At Trinity Classical School we believe the lordship of Jesus Christ shapes every aspect of the education. Classical education is the method of education that Christians have historically viewed as naturally generated by the gospel. The gospel and classical education are not two foreign things glued together in our school, but an organic whole—the gospel is the roots, and classical education the fruit. Classical education is built around the seven liberal art: the first three are the Trivium (language arts of grammar, logic, and rhetoric) and the Quadrivium (mathematical arts of arithmetic, geometry, science, and music). So the focus of our schooling is fairly simple: first, Christ formed in our students, and second, excellence in language and math.
The Covenant Child. The foundation of a Christian school is God’s covenant with his people, “For the promise is for you and your children” (Acts 2:39; Gen. 17:7). We believe that the grace of God is intended to run down the lines of generations, and that hope motivates everything we do at Trinity.
A Gospel Culture. The gospel is not simply a doctrine that the school believes, but a power (Rom. 1:16) that shapes the whole culture of the school. Believing our students are sinners who have been loved by God through Jesus Christ creates a distinct atmosphere in the community: “We love, because he first loved us” (1 John 4:19). The gospel is neither legalism nor lawlessness. The culture of TCS is one of “gentle order”—where God’s law drives children to Christ, protects the weak, and trains young believers in Christian virtue and manners.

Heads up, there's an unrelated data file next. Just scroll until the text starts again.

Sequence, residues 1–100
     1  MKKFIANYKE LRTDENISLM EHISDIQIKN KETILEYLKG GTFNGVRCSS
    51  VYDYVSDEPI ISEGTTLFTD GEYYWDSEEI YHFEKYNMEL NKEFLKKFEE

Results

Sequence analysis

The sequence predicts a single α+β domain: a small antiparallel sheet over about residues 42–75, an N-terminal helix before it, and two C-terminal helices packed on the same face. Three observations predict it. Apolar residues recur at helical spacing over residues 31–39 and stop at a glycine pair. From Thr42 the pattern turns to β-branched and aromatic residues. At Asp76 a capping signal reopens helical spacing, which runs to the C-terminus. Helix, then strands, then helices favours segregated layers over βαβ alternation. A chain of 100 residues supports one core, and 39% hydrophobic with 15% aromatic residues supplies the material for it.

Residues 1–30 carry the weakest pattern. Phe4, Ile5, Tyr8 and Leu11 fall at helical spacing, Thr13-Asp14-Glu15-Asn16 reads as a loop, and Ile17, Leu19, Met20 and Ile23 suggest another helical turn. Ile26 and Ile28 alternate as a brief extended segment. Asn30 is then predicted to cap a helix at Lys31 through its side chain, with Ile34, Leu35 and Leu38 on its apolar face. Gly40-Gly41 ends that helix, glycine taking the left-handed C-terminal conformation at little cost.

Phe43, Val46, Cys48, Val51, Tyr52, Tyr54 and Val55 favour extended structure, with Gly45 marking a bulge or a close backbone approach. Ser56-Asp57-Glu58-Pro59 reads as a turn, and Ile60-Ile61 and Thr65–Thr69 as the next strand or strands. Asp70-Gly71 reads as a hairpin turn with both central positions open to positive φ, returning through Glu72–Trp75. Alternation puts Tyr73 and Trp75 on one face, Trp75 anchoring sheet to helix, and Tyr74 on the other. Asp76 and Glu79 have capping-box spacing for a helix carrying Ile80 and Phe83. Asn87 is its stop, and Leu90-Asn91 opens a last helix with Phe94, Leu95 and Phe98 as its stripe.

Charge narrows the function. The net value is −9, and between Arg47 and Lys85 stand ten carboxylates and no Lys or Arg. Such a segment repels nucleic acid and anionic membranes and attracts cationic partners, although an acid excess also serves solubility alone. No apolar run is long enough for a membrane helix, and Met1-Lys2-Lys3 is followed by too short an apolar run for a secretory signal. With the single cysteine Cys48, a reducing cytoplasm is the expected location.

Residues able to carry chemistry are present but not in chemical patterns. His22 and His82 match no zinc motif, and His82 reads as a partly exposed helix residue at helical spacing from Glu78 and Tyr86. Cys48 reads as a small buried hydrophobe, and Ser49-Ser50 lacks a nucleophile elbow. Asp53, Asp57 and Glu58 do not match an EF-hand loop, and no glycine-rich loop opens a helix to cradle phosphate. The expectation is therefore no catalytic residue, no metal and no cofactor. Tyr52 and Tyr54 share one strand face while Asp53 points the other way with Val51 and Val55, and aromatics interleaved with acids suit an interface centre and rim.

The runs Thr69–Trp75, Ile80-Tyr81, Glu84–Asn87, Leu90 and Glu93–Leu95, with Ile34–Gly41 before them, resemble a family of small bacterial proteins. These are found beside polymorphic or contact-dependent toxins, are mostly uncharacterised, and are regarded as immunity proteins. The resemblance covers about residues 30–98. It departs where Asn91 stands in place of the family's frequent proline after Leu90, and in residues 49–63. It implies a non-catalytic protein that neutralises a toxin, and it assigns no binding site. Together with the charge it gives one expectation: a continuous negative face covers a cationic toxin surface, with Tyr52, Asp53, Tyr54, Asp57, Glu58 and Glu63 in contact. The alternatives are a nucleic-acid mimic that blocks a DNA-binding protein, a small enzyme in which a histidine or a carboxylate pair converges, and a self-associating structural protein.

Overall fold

The Liturgy of the Day. The goal of our education is the same as the New Testament—” my little children, for whom I am again in the anguish of childbirth until Christ is formed in you!” (Gal. 4:19). The whole structure of the school day is built around spiritual practices (Scripture, prayer, praise, fellowship) all meant to form Christ in our students.
A Christian Worldview. Christianity is not simply a private spirituality, but a civilization building culture that shapes every aspect of human life. “We destroy arguments and every lofty opinion raised against the knowledge of God, and take every thought captive to Christ” (2 Cor. 10:5). The lordship of Christ creates a comprehensive worldview that brings sanity and coherence to every aspect of human life, learning, and culture. We expect students to encounter this worldview in every classroom.
Training in Wisdom. Wisdom in the Bible is an integrated knowledge of God’s world combined with the skill of living in truth, goodness, and beauty. In Christ is “hidden all the treasures of wisdom and knowledge” (Col. 2:3). Every teacher is a living curriculum, an embodiment of the wisdom of Christ in the classroom who guides the students through the seven liberal arts of the Trivium (grammar, logic, rhetoric) and the Quadrivium (arithmetic, geometry, science, and music).